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Channallabes apus  (Günther, 1873)

he first factsheet of the new dacade of 2010 is by all accounts an unusual one as it centres on a catfish that looks more like an eel with barbels, hence its common name of the "Eel Catfish".

Channallabes apus


Channallabes apus was first described in 1873 by the eminent zoologist Albert Günther and was named as Gymnallabes apus. It was then moved into a family of its own, Channallabes(due to the cranial morphology), and was the only species in this genera (monotypic) for many years until DEVAERE et al. 2007 named another five species which added up to six in all in this family. They are all very like each other and some are difficult to name, when live, to an exact species.

This is a nocturnal species and ideally should be housed in a dimly lit tank no less than 4ft long with hiding places and a soft substrate such as sand or small rounded gravel, as it likes to burrow into the substrate, so there should be no sharp edges there to scar its soft body parts. Provide a close fitting lid to your tank as they could, due to thier shape, make an escape this way. The image below shows the perfect setup for the "Eel Catfish".
They do like to socialise with their own, so three or four specimens would get on well together.

Channallabes apus: the perfect setup..

Channallabes apus
: the perfect setup.



The above image shows an unusual catch, a red colour form captured by fish importer Thomas Kobe from a cave system in the Congo.


In their natural environment they inhabit forest streams and swamps where they burrow into the substrate or make nests in the masses of tree roots that are exposed near the banks. It tends to avoid light so it is increasingly difficult to capture by conventional collecting techniques. They are caught in a traditional manner, by means of fykes, made of bamboo strips, or fish hooks and bait. These hooks are made of a recurved spine of the African porcupine (Aethiurus africanus), and are attached to a wire made from fibers, obtained from the bark of a specific tree. The fykes, on the other hand, are submerged into the mud or surface water, into a hand made burrow, into which some parts of a nest of tree termites are put out to attract the fish. These fykes are then left over night, and collected in the early morning (University of Ghent; Gabon expedition 1999).

In the Clariidae family (air-breathing catfish) which includes the various Clarius species, a complete range of fusiform to anguilliform body shapes can be observed. The cranial morphology of Channallabes apus, an extreme anguilliform (eel like) species, compares to the anguilliform Gymnallabes typus and the more fusiform Clarias gariepinus.


The Eel- catfish may look primitive compared to the Clarius spp. but they are more highly evolved or specialised and have undergone evolutionary changes due to environmental pressures, and have lost many of the structures that the various Clarius spp. possess in order to adapt to a special ecological niche. They also posses a powerful bite when attacking prey and can shoot out from their hiding place in a head down position to grab food. As with other members of the Clariidae, they can venture on land and can also take food this way.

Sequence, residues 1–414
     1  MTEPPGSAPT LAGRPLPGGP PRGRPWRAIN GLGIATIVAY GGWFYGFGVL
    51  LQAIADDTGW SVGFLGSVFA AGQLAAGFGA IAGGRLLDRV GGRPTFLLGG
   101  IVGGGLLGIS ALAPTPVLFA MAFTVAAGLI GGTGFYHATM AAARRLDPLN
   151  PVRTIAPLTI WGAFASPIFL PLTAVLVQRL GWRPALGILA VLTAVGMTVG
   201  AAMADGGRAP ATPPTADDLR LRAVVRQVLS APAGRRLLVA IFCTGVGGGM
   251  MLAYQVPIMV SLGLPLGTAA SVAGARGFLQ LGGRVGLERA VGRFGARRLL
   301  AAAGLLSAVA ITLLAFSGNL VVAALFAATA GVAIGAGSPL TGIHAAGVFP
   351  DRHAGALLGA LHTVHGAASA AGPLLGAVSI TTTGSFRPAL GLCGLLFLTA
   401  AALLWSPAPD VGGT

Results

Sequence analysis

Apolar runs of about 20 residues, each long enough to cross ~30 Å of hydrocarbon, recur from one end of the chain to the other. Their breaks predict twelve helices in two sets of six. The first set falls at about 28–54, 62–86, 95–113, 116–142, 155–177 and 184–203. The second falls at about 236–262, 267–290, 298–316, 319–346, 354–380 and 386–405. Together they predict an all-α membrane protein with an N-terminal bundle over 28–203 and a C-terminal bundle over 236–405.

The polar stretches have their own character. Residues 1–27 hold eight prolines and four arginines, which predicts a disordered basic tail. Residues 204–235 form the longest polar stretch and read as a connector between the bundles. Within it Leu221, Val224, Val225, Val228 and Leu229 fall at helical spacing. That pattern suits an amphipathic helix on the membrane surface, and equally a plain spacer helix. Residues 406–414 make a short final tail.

The dorsal continues round the body and unites in a single fin incorparating the caudal and anal fins. Dorsal 140-150 rays. Anal fin 125-130 rays. The head has two fontanelles, a frontal fontanelle that is sole-shaped and a occipital fontanelle which is smaller and has a tear drop shape. Four pairs of barbels. Very small eyes (microphthalmic)


Body dark brown, underside in front of the anal fin may be lighter. The colour of the substrate in the aquarium appears to make a difference in the light ness or darkness of the body.

Better to have this species as the only catfish in the tank. Tank mates could include larger African barbs or characins, such as Congo Tetras that don't encroach in their territories, and keep themselves to the upper layers of the water.

There has only been sporadic accounts in the aquarium, but in their natural habitat they make nests in the masses of tree roots that are exposed near the banks

Sexual differences

Females grow larger than the males.



Omnivore: In the wild they feed on Coleoptera (beetles) worms and shrimps. In the aquarium, tablet food and any larger live foods such as earth worms, and frozen foods such as bloodworm and shrimp.

Channallabes: Channe = a sea perch; al-to; labes = stain.
apus: From the Greek; a- meaning without, and pous, meaning foot; in reference to the lack of any pelvic fins.

Glossary of Terms

Fontanelle: The space(s) between the bones on top of the skull covered by skin.
Dorsal fin: The primary rayed fin(s) on top of the body.
Maxillary: Pertaining to the upper jaw. (maxillary barbels)
Anal fin: The fin forward from the anal cavity.


Taylor E.C. Incidental Imports. The Eel Catfishes. Tropical Fish Hobbyist Dec. 1982.
Baensch, H.A. and R. Riehl 1985 Aquarien atlas. Band 2. Mergus, Verlag für Natur- und Heimtierkunde GmbH, Melle, Germany. 1216 p.
Devaere S, Adriaens D, Verraes W, and Teugels G.G. 2001. Cranial morphology of the anguilliform clariid Channallabes apus (Günther, 1873) (Teleostei: Siluriformes): are adaptations related to powerful biting? J. Zool., Lond. 255, 235±250.
University of Ghent; Gabon expedition 1999. http://www.fun-morph.ugent.be/Miscel/Expeditions/Expeditions.htm

Photo Credits

© amiidae @ amiidae.com


Bottom image: Thomas Kobe

Factsheet 163

Gymnallabes apus
Common Name:
Eel Catfish 
Africa: Angola to Congo River Basin. Type locality: Interior of Ambriz, Angola.
30.5cm. (12¼ins)
22-25°C (71-77°F)  
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                                                                                                                                     Factsheet 163 = updated December, 2009 © ScotCat 1997-2018  Go to Top